The ARB will use the public’s suggestions to address any additional mitigation measures that can be taken.

Colton resident Jess Vasquez attended the meeting and was concerned about those living closest to the rail yard.

“You have a huge amount of people coming down with cancer and asthma who are living along these rights of way,” said Vasquez, who said he grew up in a house near the rail yard. “Their deaths are being hastened by being inundated by this particulate matter coming off the trains.”

According to the study, the Colton rail yard can be divided into three areas – eastern, central and western.

The northeast side of the yard poses the greatest threat, with a 250-in-a-million chance of getting cancer for those living within 200 yards of the northeastern boundary of the rail yard.

About 400 yards from the eastern boundary of the rail yard, the cancer risk reduces to about a 100-in-a-million chance, according to the study.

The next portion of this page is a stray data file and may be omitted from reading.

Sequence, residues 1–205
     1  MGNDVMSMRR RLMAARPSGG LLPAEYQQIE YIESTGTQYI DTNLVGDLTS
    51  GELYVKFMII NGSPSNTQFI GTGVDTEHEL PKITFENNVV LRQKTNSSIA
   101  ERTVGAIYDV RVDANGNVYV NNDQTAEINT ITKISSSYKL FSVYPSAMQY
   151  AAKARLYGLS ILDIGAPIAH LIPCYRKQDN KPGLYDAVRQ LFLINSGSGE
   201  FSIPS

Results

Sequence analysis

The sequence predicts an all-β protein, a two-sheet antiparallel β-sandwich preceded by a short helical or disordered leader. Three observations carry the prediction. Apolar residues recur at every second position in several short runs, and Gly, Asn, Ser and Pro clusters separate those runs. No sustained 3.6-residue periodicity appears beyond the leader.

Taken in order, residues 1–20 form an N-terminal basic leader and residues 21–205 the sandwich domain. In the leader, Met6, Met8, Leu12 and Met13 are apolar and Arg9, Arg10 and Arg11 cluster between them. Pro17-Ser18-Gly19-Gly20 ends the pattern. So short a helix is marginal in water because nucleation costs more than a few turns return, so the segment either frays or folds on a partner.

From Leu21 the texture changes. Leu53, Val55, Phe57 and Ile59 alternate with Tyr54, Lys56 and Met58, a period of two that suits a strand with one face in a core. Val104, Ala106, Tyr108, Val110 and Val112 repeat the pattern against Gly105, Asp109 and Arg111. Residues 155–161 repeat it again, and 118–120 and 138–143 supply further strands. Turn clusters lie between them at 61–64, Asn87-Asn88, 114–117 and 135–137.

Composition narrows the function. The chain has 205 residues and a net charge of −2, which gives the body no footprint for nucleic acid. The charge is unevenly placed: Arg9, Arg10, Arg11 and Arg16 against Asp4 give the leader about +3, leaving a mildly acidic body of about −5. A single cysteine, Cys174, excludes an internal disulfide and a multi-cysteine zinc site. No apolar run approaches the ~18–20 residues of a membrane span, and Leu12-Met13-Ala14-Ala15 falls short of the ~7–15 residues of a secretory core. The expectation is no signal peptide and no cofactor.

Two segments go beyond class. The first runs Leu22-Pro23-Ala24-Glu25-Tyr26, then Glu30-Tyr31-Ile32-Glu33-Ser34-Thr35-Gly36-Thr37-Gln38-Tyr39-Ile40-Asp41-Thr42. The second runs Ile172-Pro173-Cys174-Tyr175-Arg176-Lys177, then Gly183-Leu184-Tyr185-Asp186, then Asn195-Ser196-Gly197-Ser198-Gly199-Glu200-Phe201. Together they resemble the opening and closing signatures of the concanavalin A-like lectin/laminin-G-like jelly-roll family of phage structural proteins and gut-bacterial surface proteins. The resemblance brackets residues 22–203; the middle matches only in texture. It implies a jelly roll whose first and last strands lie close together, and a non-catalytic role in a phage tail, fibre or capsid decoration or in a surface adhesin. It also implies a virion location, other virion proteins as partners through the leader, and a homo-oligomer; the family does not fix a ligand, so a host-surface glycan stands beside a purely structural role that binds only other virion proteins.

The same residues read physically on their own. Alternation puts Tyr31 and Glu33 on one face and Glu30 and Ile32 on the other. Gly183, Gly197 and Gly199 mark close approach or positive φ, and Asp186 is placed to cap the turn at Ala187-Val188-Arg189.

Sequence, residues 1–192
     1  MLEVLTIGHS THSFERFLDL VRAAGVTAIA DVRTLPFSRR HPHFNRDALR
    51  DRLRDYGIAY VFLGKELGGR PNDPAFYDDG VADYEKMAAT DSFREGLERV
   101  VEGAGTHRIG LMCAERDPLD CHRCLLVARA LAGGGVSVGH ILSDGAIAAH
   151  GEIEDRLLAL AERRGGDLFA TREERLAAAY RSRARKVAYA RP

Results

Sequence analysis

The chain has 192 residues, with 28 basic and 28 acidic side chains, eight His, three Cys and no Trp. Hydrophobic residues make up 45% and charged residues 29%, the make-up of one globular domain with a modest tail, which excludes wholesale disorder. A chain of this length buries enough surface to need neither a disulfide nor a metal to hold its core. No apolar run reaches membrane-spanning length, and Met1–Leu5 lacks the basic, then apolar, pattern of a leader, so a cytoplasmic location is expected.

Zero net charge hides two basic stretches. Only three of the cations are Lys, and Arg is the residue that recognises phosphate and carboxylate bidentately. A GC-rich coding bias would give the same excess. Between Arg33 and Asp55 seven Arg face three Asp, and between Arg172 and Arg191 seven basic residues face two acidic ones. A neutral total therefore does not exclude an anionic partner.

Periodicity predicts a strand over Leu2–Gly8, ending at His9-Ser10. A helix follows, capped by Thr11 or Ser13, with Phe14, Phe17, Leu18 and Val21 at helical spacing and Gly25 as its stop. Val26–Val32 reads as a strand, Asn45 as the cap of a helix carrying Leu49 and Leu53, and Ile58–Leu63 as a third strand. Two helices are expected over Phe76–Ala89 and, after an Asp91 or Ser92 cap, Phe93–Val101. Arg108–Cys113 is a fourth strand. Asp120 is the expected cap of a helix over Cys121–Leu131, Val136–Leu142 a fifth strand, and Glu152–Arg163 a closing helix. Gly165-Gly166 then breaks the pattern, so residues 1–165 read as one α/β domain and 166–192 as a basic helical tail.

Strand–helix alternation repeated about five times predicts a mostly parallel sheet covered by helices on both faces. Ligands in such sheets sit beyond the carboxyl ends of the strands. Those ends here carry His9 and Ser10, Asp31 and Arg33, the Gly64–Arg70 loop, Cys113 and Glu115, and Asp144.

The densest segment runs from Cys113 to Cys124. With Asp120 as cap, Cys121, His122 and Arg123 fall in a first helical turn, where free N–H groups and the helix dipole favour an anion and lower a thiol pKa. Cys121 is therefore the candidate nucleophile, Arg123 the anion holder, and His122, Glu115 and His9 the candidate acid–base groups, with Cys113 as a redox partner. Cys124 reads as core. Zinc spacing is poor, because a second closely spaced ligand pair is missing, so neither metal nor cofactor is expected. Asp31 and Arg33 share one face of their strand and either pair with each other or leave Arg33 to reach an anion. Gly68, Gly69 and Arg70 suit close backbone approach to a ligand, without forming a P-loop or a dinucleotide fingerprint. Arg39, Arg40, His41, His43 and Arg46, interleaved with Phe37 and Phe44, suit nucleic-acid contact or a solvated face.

The dilution of emissions as they spread over the 5 1/2-mile length of the rail yard also significantly reduces the impacts, Holmes said.

In the past 31/2 years, Union Pacific has acquired 1,000 new locomotives that use low-sulfur fuels that burn cleaner, and retired more than 2,000 older locomotives.

From 2000 to 2005, Union Pacific saw an overall 4 percent reduction in emissions from the Colton rail yard, which produces about 161/2 tons of particulate-matter emissions (soot) from locomotives a year, said Zoe Richmond, spokeswoman for Union Pacific.

Improved technologies such as idle-control devices on locomotives, Richmond said, have enabled train operators to minimize fuel consumption and emissions.